Indwelling Urinary Catheter
Indwelling foley catheters remain in your body for prolonged periods and are typically inserted by your physician. These catheters use a drainage bag and are ideal for patients who are sedated, comatose, who have incontinence issues, or an enlarged prostate. We offer indwelling foley catheters from Hollister, Bard, MTG, and Coloplast. Learn more about indwelling foley catheters and how we can help you find a catheter that meets your specific needs.
The foley catheter is the most common type of indwelling catheter. Indwelling catheters are those that remain in the body for prolonged periods of time and are typically inserted and removed by a physician instead of by the patient.
Instead of removing the catheter after emptying the bladder like with an intermittent catheter, an indwelling foley catheter uses a drainage bag to collect urine. These types of catheters may be inserted through the urethra or inserted through a small hole in the stomach by a healthcare provider. In order to prevent the catheter from sliding out, indwelling foley catheters have a small, inflated balloon on the end, when the catheter needs to be removed, the balloon is deflated.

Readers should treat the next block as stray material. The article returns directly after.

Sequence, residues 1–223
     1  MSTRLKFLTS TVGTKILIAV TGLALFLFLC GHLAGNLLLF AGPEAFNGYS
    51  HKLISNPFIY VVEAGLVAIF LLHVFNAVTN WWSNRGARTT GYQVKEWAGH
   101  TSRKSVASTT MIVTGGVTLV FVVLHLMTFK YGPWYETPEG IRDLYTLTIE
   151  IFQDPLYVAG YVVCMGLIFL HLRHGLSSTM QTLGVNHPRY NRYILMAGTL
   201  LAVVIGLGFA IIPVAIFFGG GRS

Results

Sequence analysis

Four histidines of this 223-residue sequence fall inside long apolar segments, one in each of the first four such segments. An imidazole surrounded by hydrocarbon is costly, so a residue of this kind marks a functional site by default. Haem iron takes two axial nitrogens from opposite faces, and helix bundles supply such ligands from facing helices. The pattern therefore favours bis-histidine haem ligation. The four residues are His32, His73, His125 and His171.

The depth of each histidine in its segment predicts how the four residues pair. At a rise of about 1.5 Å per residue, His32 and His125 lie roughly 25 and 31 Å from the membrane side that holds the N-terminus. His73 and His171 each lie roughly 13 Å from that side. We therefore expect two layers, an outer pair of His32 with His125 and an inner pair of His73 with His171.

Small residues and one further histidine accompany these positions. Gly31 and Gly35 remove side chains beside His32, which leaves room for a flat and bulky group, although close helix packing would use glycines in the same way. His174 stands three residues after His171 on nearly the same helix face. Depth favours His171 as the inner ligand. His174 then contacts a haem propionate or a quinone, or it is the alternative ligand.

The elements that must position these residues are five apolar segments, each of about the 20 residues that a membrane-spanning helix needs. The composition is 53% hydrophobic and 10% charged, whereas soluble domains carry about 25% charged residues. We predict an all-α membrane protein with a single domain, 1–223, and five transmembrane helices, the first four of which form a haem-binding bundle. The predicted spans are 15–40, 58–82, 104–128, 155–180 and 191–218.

An indwelling foley catheter works on a two-channel system. One of the channels runs the entire length of the tube and is open at both ends. This helps to allow the urine to drain from the bladder to the urinary drainage bag. The other channel is a one-way channel which leads to the balloon which is filled with sterilized water.
The frequency at which an indwelling foley catheter should be changed is based on your individual needs. If you notice leakage around your catheter this could be a good indication that your catheter needs to be changed. Speak with your healthcare provider to determine an optimum catheterization schedule.
While you do not insert this catheter, indwelling foley catheters must still be cared for during use. You should clean the area where the catheter enters your body with soap and warm water each day. You should also clean all visible parts of the catheter. Keeping the catheter and the area around it clean helps reduce the chance of developing a urinary tract infection (UTI). Click here to learn more about preventing and treating UTIs.
Catheter Insurance Coverage
You may be eligible to receive your catheter supplies at little-to-no cost to you through insurance. Medicare, Medicaid, and many private insurances may pay for an allowable amount of your catheter supplies each month.
To find out if you qualify for indwelling foley catheters through your insurance, simply complete our Qualify Through Insurance form and one of our Patient Care Representatives will verify your insurance and contact you to discuss your coverage and catheter options.
If you or someone you know needs indwelling foley catheter supplies, Aeroflow Healthcare is happy to help you get exactly what you need. Give us a call today at 844-276-5588.